A raft of measures granting new permitted development rights in England – including those for rear-of-house extensions – will come into force on 30 May.
Communities Secretary Eric Pickles said the measures would ensure the very best use is made of empty and underused buildings, to provide much needed homes and businesses.
The measures include increasing the size of single-storey rear extensions which can be built under permitted development for a period of three years between 30 May 2013 and 30 May 2016. These larger extensions will be subject to a ‘light-touch’ neighbour consultation scheme.
Other measures will allow High Street premises to be used for new types of business without permission and existing agricultural buildings, under 500 sq m, will be able to be utilised for a range of new uses such as shops or offices, to provide more chances for rural businesses to diversify.
To create flexible accommodation for new and start-up businesses, and allow other businesses to adapt swiftly to changing conditions, buildings that are classed for use as retail, financial services, restaurants, pubs and hot food takeaways, offices, leisure and assembly uses can temporarily change to another use class. They can be used for retail, financial services, restaurants and cafes and offices for a single period of up to two years.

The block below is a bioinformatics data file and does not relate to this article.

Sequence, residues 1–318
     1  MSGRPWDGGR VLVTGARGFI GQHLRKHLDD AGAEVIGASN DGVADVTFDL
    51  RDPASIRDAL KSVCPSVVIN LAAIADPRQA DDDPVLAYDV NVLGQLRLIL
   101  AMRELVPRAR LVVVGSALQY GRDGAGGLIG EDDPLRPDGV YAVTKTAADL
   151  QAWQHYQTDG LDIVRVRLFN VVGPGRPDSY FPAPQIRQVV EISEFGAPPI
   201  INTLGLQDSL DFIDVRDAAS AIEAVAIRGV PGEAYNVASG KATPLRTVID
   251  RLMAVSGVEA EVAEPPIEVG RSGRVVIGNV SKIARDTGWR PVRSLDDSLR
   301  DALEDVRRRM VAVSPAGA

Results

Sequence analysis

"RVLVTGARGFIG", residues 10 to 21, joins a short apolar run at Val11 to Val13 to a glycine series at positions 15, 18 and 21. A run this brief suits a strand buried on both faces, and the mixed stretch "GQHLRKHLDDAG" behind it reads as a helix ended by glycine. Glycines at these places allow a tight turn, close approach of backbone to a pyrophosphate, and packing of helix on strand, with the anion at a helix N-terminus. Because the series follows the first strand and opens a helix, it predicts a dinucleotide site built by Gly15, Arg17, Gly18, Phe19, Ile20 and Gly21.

And in a move to assist the government’s free schools agenda, a series of measures will also facilitate the conversion of existing buildings to become new state-funded schools.
Communities Secretary Eric Pickles said: “There is huge untapped potential in the many disused existing buildings we have and we’re determined that every one of them is put to good use.
“By simplifying the process and relaxing some stringent rules we can provide a helping hand to those eager to boost their high streets or rural communities by cutting the time and costs needed to start up new businesses.
“These reforms will provide a boost to the exciting free schools programme. It will make it easier for parents and community activists to convert buildings into new schools.
“We’re also providing a great opportunity for outdated, redundant or underused offices to be brought back to life by converting them into homes, protecting the green belt and countryside at the same time. This will also increase footfall and provide knock-on benefits to the wider community.”
9 May 2013